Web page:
- Erik Johnson : Rotation hopeful Erik Johnson had a rough outing in his first Spring Training start on Monday, surrending four runs on three hits over three innings on Monday against the Angels. Per CSN’s Dan Hayes, Johnson was very encouraged by his outing, mentioning that he feels great and that the ball is coming out of his hand nicely. Outside of a homerun surrendered to Mike Trout, Johnson may have been victim to a bit of bad luck, as he had a fair share of weak contact that fell in for hits. The 2015 International Pitcher of the Year, Johnson no question has a very nice arm with lots of upside. He is in stiff competition with three other guys for rotation spots, so he will need to turn it around in order to stay into consideration and potentially win a starting job.
- Travis Ishikawa: 2014 Giants Postseason Hero Travis Ishikawa joined the Sox on a minor league pact with an invite to Spring Training in January. Ishikawa has had a tough few days at the plate, going 1-6 with three strikeouts. Another candidate on the outside looking in, Ishikawa would need to have a dominant spring to crack the big league roster as the last bench bat. One thing Ishikawa offers is versatility, as he can play both first base and the corner outfield positions. I would assume Ishikawa starts the season in Charlotte, mostly as insurance on LaRoche and Abreu.
- Scott Carroll: Clubhouse favorite Scott Carroll had a rough appearance on Thursday against the Indians, tossing 1.2 innings while surrendering three runs on three hits. He fared better in his appearance Monday Against the Angels, throwing an inning and a third surrendering no runs on two hits with two strikeouts. The feel-good story of 2014 for the White Sox, Carroll seems destined to return to AAA Charlotte. With an already-crowded bullpen in addition to four guys competing for two rotation spots, I would be surprised to see Carroll break camp with the big league club. Already 31 years old, the White Sox likely see Carroll as a guy who can come up and spot start when needed or as a long-reliever, and nothing more. Although a fantastic twitter follow, I would be surprised if we see Carroll up with the White Sox anytime soon in 2016.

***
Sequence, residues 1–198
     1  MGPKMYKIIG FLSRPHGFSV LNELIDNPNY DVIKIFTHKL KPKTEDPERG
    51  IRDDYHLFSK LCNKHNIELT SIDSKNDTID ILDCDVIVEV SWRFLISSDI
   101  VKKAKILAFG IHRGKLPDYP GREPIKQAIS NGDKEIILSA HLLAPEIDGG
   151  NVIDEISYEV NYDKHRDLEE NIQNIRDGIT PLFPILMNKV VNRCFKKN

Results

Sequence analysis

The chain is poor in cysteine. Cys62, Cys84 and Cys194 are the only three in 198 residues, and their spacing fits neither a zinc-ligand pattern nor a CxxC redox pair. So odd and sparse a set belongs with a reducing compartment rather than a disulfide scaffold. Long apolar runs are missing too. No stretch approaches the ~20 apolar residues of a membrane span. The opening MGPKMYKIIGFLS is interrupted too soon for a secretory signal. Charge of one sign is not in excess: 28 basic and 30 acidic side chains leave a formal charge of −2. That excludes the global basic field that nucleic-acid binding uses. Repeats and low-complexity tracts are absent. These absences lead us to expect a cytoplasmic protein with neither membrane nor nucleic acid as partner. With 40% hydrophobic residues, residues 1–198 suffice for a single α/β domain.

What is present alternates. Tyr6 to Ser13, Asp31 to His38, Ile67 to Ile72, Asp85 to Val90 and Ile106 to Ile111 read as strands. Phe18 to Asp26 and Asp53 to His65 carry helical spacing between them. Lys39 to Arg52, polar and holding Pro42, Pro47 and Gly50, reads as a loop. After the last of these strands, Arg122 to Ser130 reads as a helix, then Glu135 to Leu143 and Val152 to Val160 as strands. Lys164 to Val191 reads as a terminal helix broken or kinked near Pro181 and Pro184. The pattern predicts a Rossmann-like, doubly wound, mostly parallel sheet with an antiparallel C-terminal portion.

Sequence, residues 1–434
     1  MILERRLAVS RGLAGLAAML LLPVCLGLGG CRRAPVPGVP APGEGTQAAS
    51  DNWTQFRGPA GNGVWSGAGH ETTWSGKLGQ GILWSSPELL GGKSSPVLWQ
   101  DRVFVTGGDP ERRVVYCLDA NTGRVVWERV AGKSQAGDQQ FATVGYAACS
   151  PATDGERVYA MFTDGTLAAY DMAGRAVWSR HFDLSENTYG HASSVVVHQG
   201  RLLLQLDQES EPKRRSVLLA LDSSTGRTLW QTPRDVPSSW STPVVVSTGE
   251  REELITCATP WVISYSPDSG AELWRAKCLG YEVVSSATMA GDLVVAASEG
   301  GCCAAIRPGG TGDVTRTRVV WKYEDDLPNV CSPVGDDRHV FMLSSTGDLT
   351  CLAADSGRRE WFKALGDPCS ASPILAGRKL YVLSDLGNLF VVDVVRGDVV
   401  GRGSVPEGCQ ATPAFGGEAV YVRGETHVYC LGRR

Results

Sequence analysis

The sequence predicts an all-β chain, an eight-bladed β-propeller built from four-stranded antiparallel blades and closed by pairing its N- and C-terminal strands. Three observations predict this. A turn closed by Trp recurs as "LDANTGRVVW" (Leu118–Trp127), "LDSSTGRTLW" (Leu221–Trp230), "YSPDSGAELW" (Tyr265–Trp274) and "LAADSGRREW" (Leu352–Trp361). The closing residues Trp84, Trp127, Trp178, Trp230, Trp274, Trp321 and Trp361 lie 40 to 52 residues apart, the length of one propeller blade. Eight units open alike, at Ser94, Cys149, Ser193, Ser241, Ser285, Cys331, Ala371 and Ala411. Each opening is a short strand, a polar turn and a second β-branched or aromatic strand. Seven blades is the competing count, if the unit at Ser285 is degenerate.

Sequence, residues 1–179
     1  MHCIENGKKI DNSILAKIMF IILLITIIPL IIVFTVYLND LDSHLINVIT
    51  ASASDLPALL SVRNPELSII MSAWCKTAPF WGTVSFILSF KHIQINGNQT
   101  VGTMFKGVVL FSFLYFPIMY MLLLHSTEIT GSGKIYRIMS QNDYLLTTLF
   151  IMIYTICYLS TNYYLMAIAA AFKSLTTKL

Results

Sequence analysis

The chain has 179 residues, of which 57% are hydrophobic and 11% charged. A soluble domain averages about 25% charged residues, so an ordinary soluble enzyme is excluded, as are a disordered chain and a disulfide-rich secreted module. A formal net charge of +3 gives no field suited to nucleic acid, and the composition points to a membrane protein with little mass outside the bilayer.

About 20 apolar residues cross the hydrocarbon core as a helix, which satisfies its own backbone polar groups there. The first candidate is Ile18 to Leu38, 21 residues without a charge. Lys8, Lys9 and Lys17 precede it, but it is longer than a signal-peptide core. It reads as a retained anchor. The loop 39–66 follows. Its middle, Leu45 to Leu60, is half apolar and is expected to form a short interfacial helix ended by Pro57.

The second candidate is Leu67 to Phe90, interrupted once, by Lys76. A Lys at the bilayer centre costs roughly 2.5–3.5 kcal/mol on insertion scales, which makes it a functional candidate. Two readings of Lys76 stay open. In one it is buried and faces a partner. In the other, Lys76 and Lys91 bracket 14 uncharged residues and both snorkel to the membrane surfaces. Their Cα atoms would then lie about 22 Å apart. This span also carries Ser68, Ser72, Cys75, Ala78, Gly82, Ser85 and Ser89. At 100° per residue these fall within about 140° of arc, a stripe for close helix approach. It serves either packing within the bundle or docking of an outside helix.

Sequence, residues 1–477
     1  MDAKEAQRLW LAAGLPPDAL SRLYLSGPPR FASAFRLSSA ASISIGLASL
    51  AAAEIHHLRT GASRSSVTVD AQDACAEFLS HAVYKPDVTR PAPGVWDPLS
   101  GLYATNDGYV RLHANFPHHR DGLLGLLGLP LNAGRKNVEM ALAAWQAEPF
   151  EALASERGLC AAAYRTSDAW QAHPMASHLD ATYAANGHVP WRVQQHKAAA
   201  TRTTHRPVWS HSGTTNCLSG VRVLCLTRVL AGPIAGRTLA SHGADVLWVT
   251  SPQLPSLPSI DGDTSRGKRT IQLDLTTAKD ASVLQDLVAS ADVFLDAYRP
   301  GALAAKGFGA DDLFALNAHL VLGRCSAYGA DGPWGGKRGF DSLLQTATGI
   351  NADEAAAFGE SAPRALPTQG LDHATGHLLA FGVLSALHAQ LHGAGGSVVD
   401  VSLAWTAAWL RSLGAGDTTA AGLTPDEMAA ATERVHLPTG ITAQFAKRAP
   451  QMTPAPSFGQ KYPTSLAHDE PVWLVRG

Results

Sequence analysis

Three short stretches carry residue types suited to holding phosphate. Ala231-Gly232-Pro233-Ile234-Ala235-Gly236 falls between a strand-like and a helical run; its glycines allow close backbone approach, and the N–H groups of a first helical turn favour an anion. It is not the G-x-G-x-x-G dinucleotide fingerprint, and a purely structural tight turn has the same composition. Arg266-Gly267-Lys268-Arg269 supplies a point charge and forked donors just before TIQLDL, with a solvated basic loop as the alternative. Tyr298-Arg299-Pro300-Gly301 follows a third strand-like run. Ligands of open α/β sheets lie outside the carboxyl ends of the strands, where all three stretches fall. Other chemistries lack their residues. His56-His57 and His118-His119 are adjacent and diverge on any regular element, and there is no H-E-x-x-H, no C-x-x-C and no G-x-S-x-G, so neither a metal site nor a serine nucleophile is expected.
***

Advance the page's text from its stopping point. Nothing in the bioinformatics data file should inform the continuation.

- Chris Beck: Beck was another pitcher who got roughed up in his two innings. The big righty gave up two runs on three hits against the Indians, while allowing three walks and punching out three. The rust isn’t a big surprise, given he hadn’t pitched in a game since June after having Ulnar Nerve Translocation surgery. So his stock isn’t down per se, so much as expectations have now been more properly set – Beck needs to get some AAA innings under his belt and get his strength back. He’s still a very real possibility to see time in Chicago in 2016.
- Mike Olt: The only notable roster cut this week was third-baseman Mike Olt, who was designated for assignment Sunday after the Austin Jackson signing. He cleared waivers and was designated to Charlotte, but will stay in Major League camp for now. Once a top prospects for the Rangers, Olt has had significant vision problems which effected his performance and it’s not clear if they continue to be an issue for him. The UConn product began 2015 with the Cubs, but was then DFA’d which led to the White Sox claiming him. After the acquisitions of Todd Frazier and Brett Lawrie, it was almost certain Olt did not have a spot on the 25-man roster, and regardless of cause he’s struggled on both sides of the ball in 2015.
The White Sox Spring Training roster remains at 63. It is safe to assume the first wave of players will be reassigned or possibly cut beginning sometime next week. We’ll revisit this again in a week, when we should have a bit more information on what 25 players will be heading to Oakland to start the season with the team.